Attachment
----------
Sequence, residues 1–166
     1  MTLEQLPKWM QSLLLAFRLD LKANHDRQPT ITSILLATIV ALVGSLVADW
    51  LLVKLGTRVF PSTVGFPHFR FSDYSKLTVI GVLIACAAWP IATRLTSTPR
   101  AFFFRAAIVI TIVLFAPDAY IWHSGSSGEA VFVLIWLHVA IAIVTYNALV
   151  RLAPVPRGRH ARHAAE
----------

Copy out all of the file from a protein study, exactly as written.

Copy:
Sequence, residues 1–166
     1  MTLEQLPKWM QSLLLAFRLD LKANHDRQPT ITSILLATIV ALVGSLVADW
    51  LLVKLGTRVF PSTVGFPHFR FSDYSKLTVI GVLIACAAWP IATRLTSTPR
   101  AFFFRAAIVI TIVLFAPDAY IWHSGSSGEA VFVLIWLHVA IAIVTYNALV
   151  RLAPVPRGRH ARHAAE